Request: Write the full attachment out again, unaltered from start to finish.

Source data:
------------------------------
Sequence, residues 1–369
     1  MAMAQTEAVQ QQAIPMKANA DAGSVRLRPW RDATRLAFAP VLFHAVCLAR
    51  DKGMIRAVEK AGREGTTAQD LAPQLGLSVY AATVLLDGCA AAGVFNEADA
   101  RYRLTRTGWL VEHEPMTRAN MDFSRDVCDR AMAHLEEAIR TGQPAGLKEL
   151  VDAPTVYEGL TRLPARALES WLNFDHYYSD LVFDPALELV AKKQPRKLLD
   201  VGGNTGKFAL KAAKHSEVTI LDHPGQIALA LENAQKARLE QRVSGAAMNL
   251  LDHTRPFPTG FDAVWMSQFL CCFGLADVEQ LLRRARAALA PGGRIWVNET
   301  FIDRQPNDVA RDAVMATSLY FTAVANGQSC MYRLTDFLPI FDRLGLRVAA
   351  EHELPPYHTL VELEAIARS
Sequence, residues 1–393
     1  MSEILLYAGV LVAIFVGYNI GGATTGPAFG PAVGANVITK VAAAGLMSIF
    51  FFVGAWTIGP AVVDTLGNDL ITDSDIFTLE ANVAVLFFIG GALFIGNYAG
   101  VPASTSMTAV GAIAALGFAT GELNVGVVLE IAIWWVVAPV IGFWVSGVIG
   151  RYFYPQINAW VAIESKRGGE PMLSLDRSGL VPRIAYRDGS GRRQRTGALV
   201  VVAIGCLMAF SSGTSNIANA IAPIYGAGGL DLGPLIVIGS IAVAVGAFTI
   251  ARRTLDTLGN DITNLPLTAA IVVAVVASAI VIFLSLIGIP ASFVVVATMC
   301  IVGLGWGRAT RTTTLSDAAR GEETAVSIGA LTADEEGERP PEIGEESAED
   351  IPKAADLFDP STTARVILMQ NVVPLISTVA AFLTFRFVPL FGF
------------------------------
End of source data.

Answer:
Sequence, residues 1–369
     1  MAMAQTEAVQ QQAIPMKANA DAGSVRLRPW RDATRLAFAP VLFHAVCLAR
    51  DKGMIRAVEK AGREGTTAQD LAPQLGLSVY AATVLLDGCA AAGVFNEADA
   101  RYRLTRTGWL VEHEPMTRAN MDFSRDVCDR AMAHLEEAIR TGQPAGLKEL
   151  VDAPTVYEGL TRLPARALES WLNFDHYYSD LVFDPALELV AKKQPRKLLD
   201  VGGNTGKFAL KAAKHSEVTI LDHPGQIALA LENAQKARLE QRVSGAAMNL
   251  LDHTRPFPTG FDAVWMSQFL CCFGLADVEQ LLRRARAALA PGGRIWVNET
   301  FIDRQPNDVA RDAVMATSLY FTAVANGQSC MYRLTDFLPI FDRLGLRVAA
   351  EHELPPYHTL VELEAIARS
Sequence, residues 1–393
     1  MSEILLYAGV LVAIFVGYNI GGATTGPAFG PAVGANVITK VAAAGLMSIF
    51  FFVGAWTIGP AVVDTLGNDL ITDSDIFTLE ANVAVLFFIG GALFIGNYAG
   101  VPASTSMTAV GAIAALGFAT GELNVGVVLE IAIWWVVAPV IGFWVSGVIG
   151  RYFYPQINAW VAIESKRGGE PMLSLDRSGL VPRIAYRDGS GRRQRTGALV
   201  VVAIGCLMAF SSGTSNIANA IAPIYGAGGL DLGPLIVIGS IAVAVGAFTI
   251  ARRTLDTLGN DITNLPLTAA IVVAVVASAI VIFLSLIGIP ASFVVVATMC
   301  IVGLGWGRAT RTTTLSDAAR GEETAVSIGA LTADEEGERP PEIGEESAED
   351  IPKAADLFDP STTARVILMQ NVVPLISTVA AFLTFRFVPL FGF